The Dunkin Project is going well.

I’ve done some things handling Dunkin in the last month or two that remind me of the time spent with my first horse, Benny.

Benny was the horse I “leased” when I was ten years old. “Leasing” Benny meant that I rode 5 miles each way on my banana bike –you kids might need to google that– to clean stalls in order to have the privilege to ride him.

When I was twelve years old, I used my babysitting money to buy him and pay for his board.

Benny was a bit of a gateway drug.

I was not the first adolescent girl who can claim a nearly-romantic relationship with her first horse. Homecoming did not mean much relative to a football game or a dance, but it did mean that I got to ride Benny in the Homecoming Parade. (Go Alden Bulldogs!)

Not that I was interested in Prom, but there was a horse show that weekend, or some 4-H event, so skipping was a no-brainer.

Benny was theoretically an Arabian/Quarter Horse cross, a lovely and sweet and safe horse, a jack of all trades. He did not stand out as a particular ‘type’ of horse so I competed him in all of the divisions — Western, Saddle Seat and even Barrel Racing and Pole Bending.

What he definitely was was ridiculously well-trained.

The one horse show class in which we were undefeated, or close to it, was called “Command.” The announcer would call out gait changes and within three strides you had to follow the command, or you were out. Walk, canter, halt, trot, back up, canter, halt, side pass right, counter canter, halt. You get the idea.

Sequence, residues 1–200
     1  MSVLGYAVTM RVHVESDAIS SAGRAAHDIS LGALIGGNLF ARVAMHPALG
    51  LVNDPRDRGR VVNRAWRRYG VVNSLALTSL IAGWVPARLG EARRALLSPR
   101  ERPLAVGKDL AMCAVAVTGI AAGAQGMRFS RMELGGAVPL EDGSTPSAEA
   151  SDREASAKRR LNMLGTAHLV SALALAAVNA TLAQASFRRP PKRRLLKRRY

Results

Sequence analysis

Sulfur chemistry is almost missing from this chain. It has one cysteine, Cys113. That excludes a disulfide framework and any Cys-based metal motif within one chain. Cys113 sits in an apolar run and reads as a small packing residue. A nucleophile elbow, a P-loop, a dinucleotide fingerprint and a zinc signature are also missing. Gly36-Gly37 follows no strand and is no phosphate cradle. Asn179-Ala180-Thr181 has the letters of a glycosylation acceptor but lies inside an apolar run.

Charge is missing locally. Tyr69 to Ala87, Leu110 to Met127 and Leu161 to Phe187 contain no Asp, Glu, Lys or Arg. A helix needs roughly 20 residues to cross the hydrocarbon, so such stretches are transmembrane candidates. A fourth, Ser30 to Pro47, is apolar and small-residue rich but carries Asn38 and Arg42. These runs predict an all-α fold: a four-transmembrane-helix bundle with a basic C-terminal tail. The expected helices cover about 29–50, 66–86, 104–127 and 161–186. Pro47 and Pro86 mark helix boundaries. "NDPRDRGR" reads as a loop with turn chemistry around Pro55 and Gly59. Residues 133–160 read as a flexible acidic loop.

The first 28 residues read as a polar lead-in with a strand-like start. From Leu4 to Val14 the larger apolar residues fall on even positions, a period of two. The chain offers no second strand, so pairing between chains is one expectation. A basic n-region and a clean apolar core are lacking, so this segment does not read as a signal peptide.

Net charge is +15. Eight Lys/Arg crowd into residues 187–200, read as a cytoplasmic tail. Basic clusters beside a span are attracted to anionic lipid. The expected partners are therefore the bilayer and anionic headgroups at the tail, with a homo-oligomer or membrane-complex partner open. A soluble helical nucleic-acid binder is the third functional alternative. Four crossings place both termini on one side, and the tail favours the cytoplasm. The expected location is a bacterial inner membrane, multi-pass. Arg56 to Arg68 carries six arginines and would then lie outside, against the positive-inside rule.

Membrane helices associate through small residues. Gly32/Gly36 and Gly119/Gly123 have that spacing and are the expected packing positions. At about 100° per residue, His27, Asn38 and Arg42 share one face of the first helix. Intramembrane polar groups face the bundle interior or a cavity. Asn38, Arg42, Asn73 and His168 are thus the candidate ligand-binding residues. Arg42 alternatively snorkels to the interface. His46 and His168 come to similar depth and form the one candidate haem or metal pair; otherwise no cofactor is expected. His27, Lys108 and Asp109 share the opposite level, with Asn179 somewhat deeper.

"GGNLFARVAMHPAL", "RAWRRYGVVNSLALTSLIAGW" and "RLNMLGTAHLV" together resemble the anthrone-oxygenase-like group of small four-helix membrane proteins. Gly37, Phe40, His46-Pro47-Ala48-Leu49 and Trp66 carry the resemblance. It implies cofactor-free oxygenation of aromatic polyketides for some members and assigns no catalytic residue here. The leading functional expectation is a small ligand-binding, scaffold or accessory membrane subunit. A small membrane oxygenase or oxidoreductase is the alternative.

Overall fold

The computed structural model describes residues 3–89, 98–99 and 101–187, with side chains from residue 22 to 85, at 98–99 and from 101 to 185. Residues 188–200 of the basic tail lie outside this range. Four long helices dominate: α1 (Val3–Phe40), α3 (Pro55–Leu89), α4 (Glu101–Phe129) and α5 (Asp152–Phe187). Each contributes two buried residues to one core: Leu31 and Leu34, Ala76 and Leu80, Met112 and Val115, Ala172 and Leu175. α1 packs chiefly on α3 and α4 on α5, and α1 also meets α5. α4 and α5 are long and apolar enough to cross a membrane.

I suspect that in many ways I was a better horse trainer at 13 years of age than I am now, a bunch of decades later. Why?

Less planning, more playing.

I spent countless hours with Benny. I experimented and fiddled and did a million things that I now know violated all of the Pony Club rules. I didn’t really have a mentor to assist so I was a mix of risk-tolerant and wildly curious about what I could teach Benny to do. I had time.

I find myself in a similar place with Dunkin. Even though I’ve had him for a year, I’ve only recently begun to play with him. Very little planning other than carving out time together. Experimenting.

I learned a new word recently.


Don’t fib. It’s a new word to you too, right?

Paraphrasing, liminality is related to a passage of sort, from one stage to another.

I’ve had no shortage of changes in the last few years. And here I am, in transition, learning to ease my foot off the throttle, slow down, play.

While I am grateful for this privilege, it has not necessarily been easy.

What helps, both in life and with Dunkin, is having an Oh Shit Strap.

I was provided an Oh Shit Strap by Lani and Kathy, a hand-me-down from a small horse, held together with a bit of duct tape. I added alligator clips so that it attaches quickly to my saddle’s D-rings.

Sure there’s a little duct tape securing a strap, but I adore thisĀ  piece of tack.

It’s constructed so that it provides a handle of sorts.

Readers, you need to know that my first riding instructor, Mike Tremblay –a complete cowboy– would threaten to break our fingers should we hold on to, or even dare to touch, the horn of the Western saddle as we rode. I was seven. Needless to say, purposely tacking up with something designed specifically to hold onto as a means of security has been a bit of a brain stretch for me.


An Oh Shit Strap does a strange thing. It allows me to put a leg on, sit a little taller, and play. I also think it’s a gift for Dunkin. I can ride on the buckle, exhaling, knowing a suck-back spook or a bounce to the side to evade a shadow are simply a moment in time and the message continues to be “go on ahead, let’s keep playing!” I don’t grab him in the mouth, inadvertently. I don’t ride defensively. I sit up. I laugh at his irrational fear of fox squirrels.

I acknowledge that I am no longer 15, or even 35. The ground is harder, I am a little softer, and my reflexes, never exactly cat-like, ain’t what they used to be.